Walt's big break came when an aspiring director he met while working on Penny Allen's certifiably Stone Oregon film Paydirt was introduced to Walt's highly unconventional and confessional chapbook/novella/memoir, Mala Noche, published in 1977. That director wanted to make a movie out of it, and in 1985, Gus Van Sant's gritty independent film version of Mala Noche premiered to glowing reviews. Four years later, Van Sant wrote and directed Drugstore Cowboy, one of the great American films of the last 25 years and probably the best movie ever filmed in Oregon. (Watch it today for the sheer joy of seeing NW Portland before the antiseptic gentrification took place and seeing how gorgeous a woman Kelly Lynch was in those days.)
Set on skid road Portland, Mala Noche is the story of an older grocery store operator's fascination with two Mexican street youths. The book, updated for a 20th anniversary edition released in 1997, is one of the few definitive texts of the Stone Oregon era.
I love Mala Noche and his poems, but believe that perhaps Walt's greatest contribution to Oregon arts and letters is his ongoing and indefatigable work on behalf of other Oregon writers and cultural figures long forgotten by the public. In a series of essays for various Portland publications in the 1980s, Walt resurrected local interest in these people, including John Reed. His superb piece commemorating the 100th birthday of Reed helped inspire the creation of the Oregon Cultural Heritage Commission, which does important stewardship of Oregon arts and letters history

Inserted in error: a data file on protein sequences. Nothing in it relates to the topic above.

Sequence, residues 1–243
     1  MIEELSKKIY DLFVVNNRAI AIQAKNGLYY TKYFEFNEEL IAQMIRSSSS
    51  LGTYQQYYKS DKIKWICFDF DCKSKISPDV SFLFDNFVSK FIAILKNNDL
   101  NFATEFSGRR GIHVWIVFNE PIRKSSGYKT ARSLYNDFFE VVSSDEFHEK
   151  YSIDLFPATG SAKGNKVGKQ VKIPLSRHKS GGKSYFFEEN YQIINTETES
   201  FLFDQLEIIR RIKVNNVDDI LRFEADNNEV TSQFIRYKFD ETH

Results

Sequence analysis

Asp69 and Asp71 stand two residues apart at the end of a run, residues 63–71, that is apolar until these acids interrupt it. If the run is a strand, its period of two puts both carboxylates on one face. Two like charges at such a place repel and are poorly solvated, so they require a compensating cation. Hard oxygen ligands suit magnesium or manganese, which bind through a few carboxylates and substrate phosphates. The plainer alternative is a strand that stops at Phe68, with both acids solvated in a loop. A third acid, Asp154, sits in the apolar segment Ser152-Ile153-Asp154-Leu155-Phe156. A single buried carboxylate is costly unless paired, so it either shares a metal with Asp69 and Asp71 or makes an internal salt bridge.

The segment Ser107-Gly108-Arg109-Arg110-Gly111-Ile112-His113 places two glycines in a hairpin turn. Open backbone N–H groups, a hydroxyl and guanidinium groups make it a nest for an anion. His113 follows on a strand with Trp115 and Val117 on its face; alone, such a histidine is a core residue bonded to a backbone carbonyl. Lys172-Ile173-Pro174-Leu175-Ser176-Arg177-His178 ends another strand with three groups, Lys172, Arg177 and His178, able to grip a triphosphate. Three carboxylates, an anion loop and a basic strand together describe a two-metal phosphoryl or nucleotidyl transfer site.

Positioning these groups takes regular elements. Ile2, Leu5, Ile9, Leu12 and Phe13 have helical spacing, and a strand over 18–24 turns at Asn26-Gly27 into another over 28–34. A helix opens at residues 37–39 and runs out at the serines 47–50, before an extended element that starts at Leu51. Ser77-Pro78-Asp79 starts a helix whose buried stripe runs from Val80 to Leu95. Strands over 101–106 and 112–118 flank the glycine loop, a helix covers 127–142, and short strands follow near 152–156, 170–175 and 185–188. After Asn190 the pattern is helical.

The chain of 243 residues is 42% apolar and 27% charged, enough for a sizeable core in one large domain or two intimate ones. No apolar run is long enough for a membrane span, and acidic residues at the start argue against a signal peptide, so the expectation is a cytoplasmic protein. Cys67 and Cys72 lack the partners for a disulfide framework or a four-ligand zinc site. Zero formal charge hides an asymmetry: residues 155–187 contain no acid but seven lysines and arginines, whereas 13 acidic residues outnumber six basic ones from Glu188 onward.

No, this isn't an obituary for Walt Curtis! The man is still alive, kicking, raising hell, pissing off the uptight literary types, putting out great art, and I hope he'll plan on contributing to my forthcoming 2010 anthology called Sex in Oregon: Unique Tales of Intercourse in the Beaver State (working title).
Walt has a new project that sounds wonderfully exciting, a little something new and a little something Stone Oregon. Here's the scoop from the press release:
I'd like to inform you about a film event that will take place at the Hollywood Theatre in Portland, Oregon, on Saturday, September 5th, 2009 at 6:00 p.m. It is the Portland premier of the Oregon film Salmon Poet directed by the Spanish filmmaker Sabrina Guitart, in collaboration with the Portland poet Walt Curtis.
Salmon Poet is an artistic-ecological film, a poetic journey, an ode to Nature through the voice of the poet Walt Curtis, author of Mala Noche, Gus Van Sant's first film. Both artistic personas have come together to honor Mother Earth and the Voice of the poet who speaks a message of ecological alarm.
The film will be followed by a short discussion at 7:00 p.m. and then by a showing of Ginsberg in Portland, 1989 — rare footage of the poet Allen Ginsberg's performance in Oregon. Tickets are $10.00. The showing will be a benefit for the Northwest Film Orphanage. The website for the film is SalmonPoet.com.
Really, you haven't lived an Oregon literary life until you've seen Walt Curtis talk about salmon. You will never forget the experience.